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Seasonal Eats: When Life Gives You Wild Chanterelles

2011_02_01-chanterelles.jpg
Foraged Chanterelles, Photo Credit: Gregory Han / thekitchn.com
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I found myself in the fortunate position of receiving a bag of chanterelles from a generous friend, and figured the situation alone warranted coverage in seasonal eats--for what is more seasonal than foraged food? Before we go any further though, I want to stress that foraging for mushrooms is not for amateurs. Despite the fact that chanterelles are one of the more recognizable species out there, without experience and a mycologist to consult, there are at least 2 close imitators that are not edible. If you’re interested in the wild world of mushrooms, get involved with the Los Angeles Mycological Society, go on some guided forays, check out the 27th annual wild mushroom fair on February 13 at the LA Arboretum and seek the advice of the experts. Until then, buy from one of the great mushroom sellers at the farmer’s markets around town.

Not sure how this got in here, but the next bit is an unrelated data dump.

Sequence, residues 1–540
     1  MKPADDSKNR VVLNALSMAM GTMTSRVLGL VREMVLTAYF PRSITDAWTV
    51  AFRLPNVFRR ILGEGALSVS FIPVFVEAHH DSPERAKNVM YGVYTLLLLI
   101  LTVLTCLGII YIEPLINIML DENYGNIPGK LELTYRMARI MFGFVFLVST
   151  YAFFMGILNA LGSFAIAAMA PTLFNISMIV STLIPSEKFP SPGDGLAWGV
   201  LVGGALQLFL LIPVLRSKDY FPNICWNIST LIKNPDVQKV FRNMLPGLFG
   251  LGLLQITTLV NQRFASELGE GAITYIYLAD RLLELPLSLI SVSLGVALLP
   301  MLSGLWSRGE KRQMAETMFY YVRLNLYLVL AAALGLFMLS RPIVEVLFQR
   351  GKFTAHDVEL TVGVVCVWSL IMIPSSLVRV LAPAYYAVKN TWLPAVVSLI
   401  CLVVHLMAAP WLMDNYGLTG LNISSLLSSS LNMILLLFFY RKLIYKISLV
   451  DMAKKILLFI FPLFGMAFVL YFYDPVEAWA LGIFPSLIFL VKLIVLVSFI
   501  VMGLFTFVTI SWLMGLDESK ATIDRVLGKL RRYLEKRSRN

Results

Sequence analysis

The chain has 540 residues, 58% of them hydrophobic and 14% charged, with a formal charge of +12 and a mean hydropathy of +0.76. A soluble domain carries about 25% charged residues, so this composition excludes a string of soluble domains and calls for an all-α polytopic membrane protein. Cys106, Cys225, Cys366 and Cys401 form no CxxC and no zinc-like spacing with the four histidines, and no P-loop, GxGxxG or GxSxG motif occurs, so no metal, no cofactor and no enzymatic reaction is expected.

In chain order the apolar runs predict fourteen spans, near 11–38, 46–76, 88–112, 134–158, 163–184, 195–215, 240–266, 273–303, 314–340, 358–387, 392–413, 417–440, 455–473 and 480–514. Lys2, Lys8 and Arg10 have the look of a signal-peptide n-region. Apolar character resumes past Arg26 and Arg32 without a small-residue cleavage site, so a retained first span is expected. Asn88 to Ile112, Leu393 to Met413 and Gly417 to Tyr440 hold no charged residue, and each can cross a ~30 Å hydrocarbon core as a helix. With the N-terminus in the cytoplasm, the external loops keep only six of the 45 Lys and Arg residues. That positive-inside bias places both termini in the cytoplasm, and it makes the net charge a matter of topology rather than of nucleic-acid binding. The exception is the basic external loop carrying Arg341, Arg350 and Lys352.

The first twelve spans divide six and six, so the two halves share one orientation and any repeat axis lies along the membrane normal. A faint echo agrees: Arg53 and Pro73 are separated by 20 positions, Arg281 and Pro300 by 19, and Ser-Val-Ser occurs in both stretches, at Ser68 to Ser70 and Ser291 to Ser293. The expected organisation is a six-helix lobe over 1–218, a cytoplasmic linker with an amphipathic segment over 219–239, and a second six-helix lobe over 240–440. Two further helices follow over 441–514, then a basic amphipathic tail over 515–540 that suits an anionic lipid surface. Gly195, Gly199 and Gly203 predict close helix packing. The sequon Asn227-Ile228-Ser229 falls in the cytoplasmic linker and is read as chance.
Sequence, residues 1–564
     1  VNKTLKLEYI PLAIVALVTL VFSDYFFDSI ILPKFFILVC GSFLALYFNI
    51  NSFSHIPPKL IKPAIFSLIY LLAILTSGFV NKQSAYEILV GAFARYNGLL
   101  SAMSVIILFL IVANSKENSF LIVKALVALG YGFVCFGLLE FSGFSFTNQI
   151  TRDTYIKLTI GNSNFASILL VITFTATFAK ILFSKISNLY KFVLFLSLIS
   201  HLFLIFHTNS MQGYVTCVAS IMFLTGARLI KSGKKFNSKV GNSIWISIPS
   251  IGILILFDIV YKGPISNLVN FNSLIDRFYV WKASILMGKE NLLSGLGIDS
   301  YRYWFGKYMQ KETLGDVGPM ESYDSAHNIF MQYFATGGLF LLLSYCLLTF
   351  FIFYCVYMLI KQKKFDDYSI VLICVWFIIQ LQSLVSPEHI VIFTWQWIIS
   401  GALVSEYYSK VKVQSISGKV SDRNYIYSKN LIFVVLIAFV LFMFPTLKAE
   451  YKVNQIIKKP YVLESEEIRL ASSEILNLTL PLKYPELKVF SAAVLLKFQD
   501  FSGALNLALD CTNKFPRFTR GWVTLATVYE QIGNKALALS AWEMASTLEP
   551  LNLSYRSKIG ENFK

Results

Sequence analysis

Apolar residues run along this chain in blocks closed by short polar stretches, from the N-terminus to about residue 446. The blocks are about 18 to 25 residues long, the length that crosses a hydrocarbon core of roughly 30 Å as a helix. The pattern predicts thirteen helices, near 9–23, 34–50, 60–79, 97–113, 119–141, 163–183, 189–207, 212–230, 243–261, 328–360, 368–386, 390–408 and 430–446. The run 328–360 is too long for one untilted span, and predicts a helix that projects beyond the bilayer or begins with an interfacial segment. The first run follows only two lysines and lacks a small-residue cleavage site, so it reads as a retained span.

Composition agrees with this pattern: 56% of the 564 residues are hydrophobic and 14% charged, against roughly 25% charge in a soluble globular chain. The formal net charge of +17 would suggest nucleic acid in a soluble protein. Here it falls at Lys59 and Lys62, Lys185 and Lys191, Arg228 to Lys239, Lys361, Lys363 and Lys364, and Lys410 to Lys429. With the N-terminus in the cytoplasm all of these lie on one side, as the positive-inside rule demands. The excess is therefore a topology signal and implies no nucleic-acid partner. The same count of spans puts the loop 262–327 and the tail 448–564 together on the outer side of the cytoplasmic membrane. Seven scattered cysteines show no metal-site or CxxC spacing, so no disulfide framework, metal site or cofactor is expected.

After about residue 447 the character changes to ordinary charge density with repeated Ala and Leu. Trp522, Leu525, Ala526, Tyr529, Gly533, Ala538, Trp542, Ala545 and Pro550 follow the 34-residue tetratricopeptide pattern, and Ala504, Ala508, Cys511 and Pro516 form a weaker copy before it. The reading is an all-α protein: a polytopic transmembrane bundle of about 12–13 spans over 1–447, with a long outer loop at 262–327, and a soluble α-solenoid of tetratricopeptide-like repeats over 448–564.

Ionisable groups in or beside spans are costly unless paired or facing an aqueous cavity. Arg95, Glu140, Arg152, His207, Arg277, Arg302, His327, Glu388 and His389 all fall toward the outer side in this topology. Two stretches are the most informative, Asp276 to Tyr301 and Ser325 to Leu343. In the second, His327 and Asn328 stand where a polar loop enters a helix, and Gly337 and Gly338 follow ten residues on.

Chanterelles are in season from September to February, and here in the western United States, we have some of the biggest specimens around. Unlike farmed mushrooms, which may be fed their food of choice domestically, Chanterelles are a type of fungi that has a symbiotic relationship with root systems of hardwood trees, conifers, shrubs, and bushes, often among deep leaf litter, so they must be foraged in their preferred habitat. Chanterelles are orange or yellow, meaty and funnel-shaped. On the lower surface, underneath the smooth cap, it has gill-like pleats that run almost all the way down its stipe, which tapers down seamlessly from the cap. It has a fruity smell, reminiscent of apricots and a mildly peppery taste. Chanterelles are seldom invaded by insects or forest animals, which makes them a rewarding find.

If you’re buying them at the market, look for fragrant mushrooms in excellent condition, with a fragrant odor, and apricot or golden in color. Avoid mushrooms that show too much bruising, or pleats that are granular or fragmenting from the stipe of the mushroom. Once you get them, dry brush them to clean, or wash with water only right before you cook, since wet mushrooms never store well. For more descriptions of chanterelles, see the mycological society of San Francisco's page on them. In terms of nutrition information, Wikipedia says the chanterelle is rich in Vitamin C, Potassium, and Vitamin D. Do read up on dangerous imitators while you’re there.